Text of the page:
Are Current Government Policies Hurting SMBs?

David Byrd : Byrd's Eye View
David Byrd
Chief Marketing Officer for ANPI

Are Current Government Policies Hurting SMBs?

A recent cover story by CRN interviewed small IT related businesses regarding President Obama's 2009/2010 legislative activity/wins and the impact on their business. While I am sure the story was not attempting to accurately poll IT related SMBs, it was clear that most of those interviewed were not optimistic about the newly passed laws. The most discussed law was the Healthcare bill. Most of the SMBs see additional cost, potential taxes and very little improvement in the health insurance plans they provide for their employees. Moreover, there is the concern that too much effort went into the healthcare battle and not enough attention was paid to assisting the nation's small entrepreneurs in recovering from lost revenues due to the recession. Prior to the recession there were over 250,000 IT related small businesses. Today, that number hovers around 200,000, a tremendous loss in talent and jobs for the technology industry.

I debated having this as the subject of the blog until I read this morning the FCC has been advised by so-called experts that SMBs need more competitive pricing for broadband access and services to meet the demands of a changing sales environment. Most of the anecdotal stories given during a hearing chaired by Senator Mary Landrieu revolved around the difficulties faced by businesses in rural areas. However, as you now know from last week's blogs, most of the broadband issues that need to be addressed are outside of rural areas. In fact, I appreciated the beginning of a statement given by Jonathan Adelstein, administrator of the Agriculture Department's Rural Utilities Service, noting, "approximately 181 applications requesting $2.9 billion from Agriculture's Broadband Initiatives Program came from small businesses..." That was the economically important element of his statement. The rest was more political involving minority owned firms, Indian tribes and native Alaskan and native Hawaiian entities.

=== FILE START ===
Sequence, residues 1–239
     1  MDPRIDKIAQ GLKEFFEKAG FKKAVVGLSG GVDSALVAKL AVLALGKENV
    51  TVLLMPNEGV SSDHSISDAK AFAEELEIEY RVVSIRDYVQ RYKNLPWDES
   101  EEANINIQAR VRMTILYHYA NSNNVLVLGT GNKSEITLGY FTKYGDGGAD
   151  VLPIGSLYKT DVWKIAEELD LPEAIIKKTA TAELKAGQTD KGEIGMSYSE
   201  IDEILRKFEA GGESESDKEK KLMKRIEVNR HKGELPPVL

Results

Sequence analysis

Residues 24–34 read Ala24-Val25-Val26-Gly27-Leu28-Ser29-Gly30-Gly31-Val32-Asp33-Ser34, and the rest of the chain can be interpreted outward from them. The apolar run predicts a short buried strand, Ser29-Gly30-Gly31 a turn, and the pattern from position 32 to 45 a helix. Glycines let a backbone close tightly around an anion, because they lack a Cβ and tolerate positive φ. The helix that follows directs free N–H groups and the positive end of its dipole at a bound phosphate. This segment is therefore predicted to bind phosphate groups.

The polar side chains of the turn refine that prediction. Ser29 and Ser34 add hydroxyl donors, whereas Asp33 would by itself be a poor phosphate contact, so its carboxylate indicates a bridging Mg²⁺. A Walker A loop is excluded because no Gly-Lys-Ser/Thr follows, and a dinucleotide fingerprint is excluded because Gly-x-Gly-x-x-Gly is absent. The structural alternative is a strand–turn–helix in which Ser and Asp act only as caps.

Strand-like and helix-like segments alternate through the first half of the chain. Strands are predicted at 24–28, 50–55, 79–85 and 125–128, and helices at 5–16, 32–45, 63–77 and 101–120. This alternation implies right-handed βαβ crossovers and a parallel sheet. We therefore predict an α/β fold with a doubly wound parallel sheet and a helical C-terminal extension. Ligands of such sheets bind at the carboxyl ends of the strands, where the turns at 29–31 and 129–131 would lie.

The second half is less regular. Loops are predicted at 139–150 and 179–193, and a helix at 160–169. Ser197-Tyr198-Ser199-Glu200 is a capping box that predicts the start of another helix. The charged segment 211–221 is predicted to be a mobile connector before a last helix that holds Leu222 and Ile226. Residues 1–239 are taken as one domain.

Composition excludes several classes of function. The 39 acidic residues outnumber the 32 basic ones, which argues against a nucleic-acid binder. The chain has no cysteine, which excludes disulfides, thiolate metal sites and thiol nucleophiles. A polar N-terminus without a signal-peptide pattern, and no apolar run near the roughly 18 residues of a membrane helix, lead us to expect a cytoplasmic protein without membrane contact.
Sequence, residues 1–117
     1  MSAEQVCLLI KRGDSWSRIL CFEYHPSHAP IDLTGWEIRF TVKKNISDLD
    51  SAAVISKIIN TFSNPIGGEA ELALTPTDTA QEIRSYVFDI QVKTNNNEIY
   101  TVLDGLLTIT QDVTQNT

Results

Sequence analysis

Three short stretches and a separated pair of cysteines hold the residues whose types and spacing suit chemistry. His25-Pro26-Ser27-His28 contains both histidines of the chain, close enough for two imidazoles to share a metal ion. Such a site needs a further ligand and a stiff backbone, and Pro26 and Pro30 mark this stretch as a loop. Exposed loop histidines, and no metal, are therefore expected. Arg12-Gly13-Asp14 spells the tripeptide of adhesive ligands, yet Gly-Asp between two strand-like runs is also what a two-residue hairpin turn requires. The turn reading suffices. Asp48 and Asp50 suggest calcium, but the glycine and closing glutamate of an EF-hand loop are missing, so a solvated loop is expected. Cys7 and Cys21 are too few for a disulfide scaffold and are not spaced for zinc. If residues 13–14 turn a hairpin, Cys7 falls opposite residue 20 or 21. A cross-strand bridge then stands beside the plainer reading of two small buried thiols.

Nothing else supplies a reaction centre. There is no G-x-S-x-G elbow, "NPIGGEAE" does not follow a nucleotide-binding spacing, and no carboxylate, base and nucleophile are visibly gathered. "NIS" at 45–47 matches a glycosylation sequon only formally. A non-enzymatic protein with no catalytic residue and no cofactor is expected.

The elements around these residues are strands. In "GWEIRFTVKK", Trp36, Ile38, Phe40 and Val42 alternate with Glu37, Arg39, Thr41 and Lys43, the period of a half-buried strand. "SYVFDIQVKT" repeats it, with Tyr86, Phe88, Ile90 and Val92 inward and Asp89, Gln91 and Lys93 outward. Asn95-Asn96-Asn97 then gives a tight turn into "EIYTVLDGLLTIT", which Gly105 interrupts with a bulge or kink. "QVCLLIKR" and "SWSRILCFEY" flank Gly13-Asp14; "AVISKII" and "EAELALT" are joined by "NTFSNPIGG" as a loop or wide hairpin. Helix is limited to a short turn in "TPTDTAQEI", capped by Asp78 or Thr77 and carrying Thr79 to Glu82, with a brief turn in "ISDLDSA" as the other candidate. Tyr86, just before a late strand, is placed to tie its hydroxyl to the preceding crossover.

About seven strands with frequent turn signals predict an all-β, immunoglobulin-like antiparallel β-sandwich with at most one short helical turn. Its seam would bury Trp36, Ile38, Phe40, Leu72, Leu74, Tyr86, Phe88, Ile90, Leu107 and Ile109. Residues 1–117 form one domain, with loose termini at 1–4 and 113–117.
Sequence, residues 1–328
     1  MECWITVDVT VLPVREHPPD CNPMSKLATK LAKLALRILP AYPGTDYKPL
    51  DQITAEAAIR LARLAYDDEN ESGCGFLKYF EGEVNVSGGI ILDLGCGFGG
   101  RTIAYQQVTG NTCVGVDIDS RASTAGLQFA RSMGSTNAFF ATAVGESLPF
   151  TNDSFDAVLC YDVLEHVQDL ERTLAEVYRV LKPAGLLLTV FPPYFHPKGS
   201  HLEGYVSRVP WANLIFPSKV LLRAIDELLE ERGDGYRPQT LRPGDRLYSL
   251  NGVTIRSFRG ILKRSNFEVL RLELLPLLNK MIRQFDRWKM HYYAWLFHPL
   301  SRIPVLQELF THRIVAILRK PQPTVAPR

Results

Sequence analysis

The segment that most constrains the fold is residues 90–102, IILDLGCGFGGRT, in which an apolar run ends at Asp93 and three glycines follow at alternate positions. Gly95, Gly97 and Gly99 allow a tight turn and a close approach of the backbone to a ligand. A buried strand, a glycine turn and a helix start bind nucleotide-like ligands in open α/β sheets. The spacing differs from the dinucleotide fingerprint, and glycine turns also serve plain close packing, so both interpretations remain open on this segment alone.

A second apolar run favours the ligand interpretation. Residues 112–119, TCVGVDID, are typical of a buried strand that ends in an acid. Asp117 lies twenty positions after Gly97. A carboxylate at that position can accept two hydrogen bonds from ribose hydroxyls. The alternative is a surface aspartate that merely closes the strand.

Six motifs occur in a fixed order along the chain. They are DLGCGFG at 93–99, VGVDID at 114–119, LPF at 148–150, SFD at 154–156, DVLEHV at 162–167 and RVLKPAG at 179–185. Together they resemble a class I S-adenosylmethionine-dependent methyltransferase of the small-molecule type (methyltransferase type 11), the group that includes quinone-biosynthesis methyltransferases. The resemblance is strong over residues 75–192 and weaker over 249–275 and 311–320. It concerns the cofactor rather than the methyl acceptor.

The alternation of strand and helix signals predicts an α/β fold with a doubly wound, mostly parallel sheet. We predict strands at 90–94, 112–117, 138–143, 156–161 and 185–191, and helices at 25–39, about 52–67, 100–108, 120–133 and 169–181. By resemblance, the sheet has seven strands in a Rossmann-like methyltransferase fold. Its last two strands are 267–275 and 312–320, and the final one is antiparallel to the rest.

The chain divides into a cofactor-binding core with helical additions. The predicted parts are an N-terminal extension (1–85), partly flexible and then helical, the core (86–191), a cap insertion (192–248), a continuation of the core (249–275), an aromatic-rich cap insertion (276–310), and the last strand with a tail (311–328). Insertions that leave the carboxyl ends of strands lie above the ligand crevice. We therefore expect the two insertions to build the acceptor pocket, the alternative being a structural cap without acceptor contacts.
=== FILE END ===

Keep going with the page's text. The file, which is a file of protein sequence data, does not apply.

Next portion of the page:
Additionally, I was not surprised to learn businesses with 25 or fewer employees pay two times more per employee for broadband than those with more than 25 employees. Most of the price differential is based upon the way broadband is sold, the bigger the pipe, the lower the cost per megabit. It may not be fair, but it is reality.

My key concern about the CRN article and the FCC discussion about broadband pricing is how does the Obama administration or FCC plan to address the concerns of SMBs? We do not need additional government meddling with regard to pricing and competition, and Broadvox and other ITSPs are leery of any more changes to regulating VoIP/SIP Trunking providers. At some point, continued changes will cause an inverse reaction by service providers in the marketplace. Even now, there is some marketplace overhang in place as we wait for the FCC to determine if VoIP should be subject to similar rules accorded TDM.

So, has the Obama Administration been good for SMBs? No, but we do have two plus years to go.

See you on Friday...



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